I am woman hear me roar sign at Boston Women's March 2017

Mifepristone

I have been experiencing a lot of wonderful changes so far this year. As a result, I am building new relationships. I am having fulfilling conversations, and finding connections in the strangest ways.

But I keep getting sucked into the dark by what’s happening around me, literally and figuratively. At the moment it’s the mifepristone court decisions. When has a court ever interfered with the availability of a medication? Never mind one that has been used safely for more than 20 years? The answer is never. When I searched, here is what came up: No results found for “class action lawsuits against mifepristone”. The closest similarity is heroin, which in 1914 became a regulated substance by the Harrison Narcotics Act which “stipulated that it had to be obtained from a doctor. In 1924 the drug was totally outlawed, even for medicinal purposes, as a result of the Anti-Heroin Act.”

Now, I am neither a scientist or a doctor, but even I can see that there is no comparison between these two drugs. Mifepristone has been used for two decades and is endorsed by the American College of Obstetricians and Gynecologists–not known to be lax in their oversight–as part of the “superior medication treatment regimen for miscarriage care.”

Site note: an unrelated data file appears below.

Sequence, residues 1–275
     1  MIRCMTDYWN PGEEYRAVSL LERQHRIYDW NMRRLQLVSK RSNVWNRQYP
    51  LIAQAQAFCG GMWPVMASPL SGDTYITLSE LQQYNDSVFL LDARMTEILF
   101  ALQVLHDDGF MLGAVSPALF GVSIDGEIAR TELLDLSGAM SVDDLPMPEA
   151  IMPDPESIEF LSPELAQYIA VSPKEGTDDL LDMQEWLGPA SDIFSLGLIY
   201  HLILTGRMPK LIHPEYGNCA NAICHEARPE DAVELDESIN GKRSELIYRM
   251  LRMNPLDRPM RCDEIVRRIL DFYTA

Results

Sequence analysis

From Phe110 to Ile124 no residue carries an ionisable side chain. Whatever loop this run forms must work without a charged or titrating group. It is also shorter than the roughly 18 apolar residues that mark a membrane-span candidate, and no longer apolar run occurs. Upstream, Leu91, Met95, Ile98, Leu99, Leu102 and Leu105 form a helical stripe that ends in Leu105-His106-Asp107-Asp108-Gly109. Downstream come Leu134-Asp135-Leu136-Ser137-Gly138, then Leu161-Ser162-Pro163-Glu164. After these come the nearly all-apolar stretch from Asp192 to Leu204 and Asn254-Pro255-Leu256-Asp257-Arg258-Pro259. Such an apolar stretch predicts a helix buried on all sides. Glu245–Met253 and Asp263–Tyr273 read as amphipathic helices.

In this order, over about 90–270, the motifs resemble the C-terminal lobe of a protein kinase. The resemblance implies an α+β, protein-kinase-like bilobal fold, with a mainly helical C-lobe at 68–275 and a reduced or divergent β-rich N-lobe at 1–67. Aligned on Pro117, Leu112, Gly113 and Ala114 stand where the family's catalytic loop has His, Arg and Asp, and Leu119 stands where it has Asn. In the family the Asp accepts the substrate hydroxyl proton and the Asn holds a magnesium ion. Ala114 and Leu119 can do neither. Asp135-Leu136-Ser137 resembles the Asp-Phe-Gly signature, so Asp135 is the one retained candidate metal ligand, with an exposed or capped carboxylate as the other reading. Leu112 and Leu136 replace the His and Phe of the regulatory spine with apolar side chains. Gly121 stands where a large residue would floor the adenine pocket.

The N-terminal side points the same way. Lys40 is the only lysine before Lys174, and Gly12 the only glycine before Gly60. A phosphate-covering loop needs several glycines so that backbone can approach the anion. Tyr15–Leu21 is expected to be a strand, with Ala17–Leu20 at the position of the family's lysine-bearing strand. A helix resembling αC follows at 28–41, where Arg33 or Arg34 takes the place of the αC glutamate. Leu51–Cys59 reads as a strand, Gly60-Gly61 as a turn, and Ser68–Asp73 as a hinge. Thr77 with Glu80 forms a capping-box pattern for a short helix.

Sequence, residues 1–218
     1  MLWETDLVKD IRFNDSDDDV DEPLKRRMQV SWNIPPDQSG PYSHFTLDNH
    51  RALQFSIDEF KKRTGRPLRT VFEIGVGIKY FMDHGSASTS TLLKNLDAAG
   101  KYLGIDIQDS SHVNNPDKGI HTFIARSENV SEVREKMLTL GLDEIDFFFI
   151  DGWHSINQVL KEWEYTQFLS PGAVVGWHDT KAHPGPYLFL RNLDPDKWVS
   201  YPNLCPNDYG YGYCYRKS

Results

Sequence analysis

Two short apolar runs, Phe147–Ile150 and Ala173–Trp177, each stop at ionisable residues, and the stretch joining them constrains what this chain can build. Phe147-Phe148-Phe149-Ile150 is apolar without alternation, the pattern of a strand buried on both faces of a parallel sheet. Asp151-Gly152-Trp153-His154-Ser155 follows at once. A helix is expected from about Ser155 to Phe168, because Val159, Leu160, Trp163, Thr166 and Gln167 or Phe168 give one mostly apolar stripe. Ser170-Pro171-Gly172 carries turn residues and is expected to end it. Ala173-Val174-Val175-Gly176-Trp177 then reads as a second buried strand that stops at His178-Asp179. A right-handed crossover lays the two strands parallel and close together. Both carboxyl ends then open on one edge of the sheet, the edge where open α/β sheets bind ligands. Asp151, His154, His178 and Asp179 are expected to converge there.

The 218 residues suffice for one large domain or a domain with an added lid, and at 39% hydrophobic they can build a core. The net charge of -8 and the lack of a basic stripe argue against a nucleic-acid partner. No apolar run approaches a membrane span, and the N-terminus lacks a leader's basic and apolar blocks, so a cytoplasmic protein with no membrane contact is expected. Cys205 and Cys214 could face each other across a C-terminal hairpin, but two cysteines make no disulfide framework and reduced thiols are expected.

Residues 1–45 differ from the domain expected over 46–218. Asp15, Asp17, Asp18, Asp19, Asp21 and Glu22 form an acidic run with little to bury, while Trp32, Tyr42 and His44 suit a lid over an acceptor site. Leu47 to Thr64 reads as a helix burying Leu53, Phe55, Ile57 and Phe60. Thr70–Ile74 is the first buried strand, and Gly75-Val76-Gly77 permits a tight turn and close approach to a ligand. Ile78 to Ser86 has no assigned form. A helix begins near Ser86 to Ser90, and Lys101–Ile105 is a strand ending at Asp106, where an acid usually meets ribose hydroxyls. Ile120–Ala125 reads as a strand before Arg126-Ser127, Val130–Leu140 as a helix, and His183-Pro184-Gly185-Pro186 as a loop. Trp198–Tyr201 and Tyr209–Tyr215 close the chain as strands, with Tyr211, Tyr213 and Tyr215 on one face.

I have read that mifepristone is safer than Viagra when it comes to serious medical complications. And therein lies the rub, which most women well know. This court action has absolutely nothing to do with the safety of the medication. Not a blessed thing. It’s blessed “life” that the Alliance Defending Freedom (ADF), which has been labeled a hate group by the Southern Poverty Law Center, supposedly cares about. If only that were true. We know it’s not.

It’s us. We’re the problem, it’s us. Women.

I keep hearing that we are a nation divided, implying a 50/50 split. Two-thirds of us agree with each other. We elected Hillary Clinton and we elected democrats to a majority in the mid-terms and we elected Joe Biden and Kamala Harris.

We believe that we are all created equal. All. We know that guns are the problem. We are concerned about the multiple and multilayered crises of mental health, homelessness, poverty. We want to do the right thing, always. And beyond voting, we don’t know what steps to take. We watched the protests in Israel and France and wonder why, when our issues are so much more of a threat to our democracy, we are not taking to the streets.

Millions of us turned out for the Women’s March. I was one. Let’s get loud. Again. Let’s get visible. Again. However we can. Let’s keep connecting in strange and wonderful ways.

Women are the solution. We are the solution. It’s us.

ADDENDUM: I attended the Girls’ Inc. Celebration after I wrote this and I am terrified, although the Alito decision tonight brings some small comfort.


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